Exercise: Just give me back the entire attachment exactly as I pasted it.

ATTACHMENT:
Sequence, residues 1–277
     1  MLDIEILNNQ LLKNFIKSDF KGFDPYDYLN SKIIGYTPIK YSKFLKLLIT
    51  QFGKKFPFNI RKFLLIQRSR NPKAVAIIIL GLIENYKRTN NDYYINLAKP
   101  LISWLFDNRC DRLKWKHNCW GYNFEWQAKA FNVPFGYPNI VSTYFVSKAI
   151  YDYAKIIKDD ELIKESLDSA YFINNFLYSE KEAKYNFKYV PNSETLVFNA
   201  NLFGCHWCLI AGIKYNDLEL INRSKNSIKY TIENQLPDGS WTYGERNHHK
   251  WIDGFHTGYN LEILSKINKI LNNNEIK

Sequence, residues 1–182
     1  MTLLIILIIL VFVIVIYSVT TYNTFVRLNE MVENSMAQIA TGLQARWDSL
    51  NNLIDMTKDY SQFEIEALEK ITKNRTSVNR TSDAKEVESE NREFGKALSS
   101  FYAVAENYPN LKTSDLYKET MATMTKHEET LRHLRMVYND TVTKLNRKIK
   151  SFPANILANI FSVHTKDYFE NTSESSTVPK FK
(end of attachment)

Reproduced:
Sequence, residues 1–277
     1  MLDIEILNNQ LLKNFIKSDF KGFDPYDYLN SKIIGYTPIK YSKFLKLLIT
    51  QFGKKFPFNI RKFLLIQRSR NPKAVAIIIL GLIENYKRTN NDYYINLAKP
   101  LISWLFDNRC DRLKWKHNCW GYNFEWQAKA FNVPFGYPNI VSTYFVSKAI
   151  YDYAKIIKDD ELIKESLDSA YFINNFLYSE KEAKYNFKYV PNSETLVFNA
   201  NLFGCHWCLI AGIKYNDLEL INRSKNSIKY TIENQLPDGS WTYGERNHHK
   251  WIDGFHTGYN LEILSKINKI LNNNEIK

Sequence, residues 1–182
     1  MTLLIILIIL VFVIVIYSVT TYNTFVRLNE MVENSMAQIA TGLQARWDSL
    51  NNLIDMTKDY SQFEIEALEK ITKNRTSVNR TSDAKEVESE NREFGKALSS
   101  FYAVAENYPN LKTSDLYKET MATMTKHEET LRHLRMVYND TVTKLNRKIK
   151  SFPANILANI FSVHTKDYFE NTSESSTVPK FK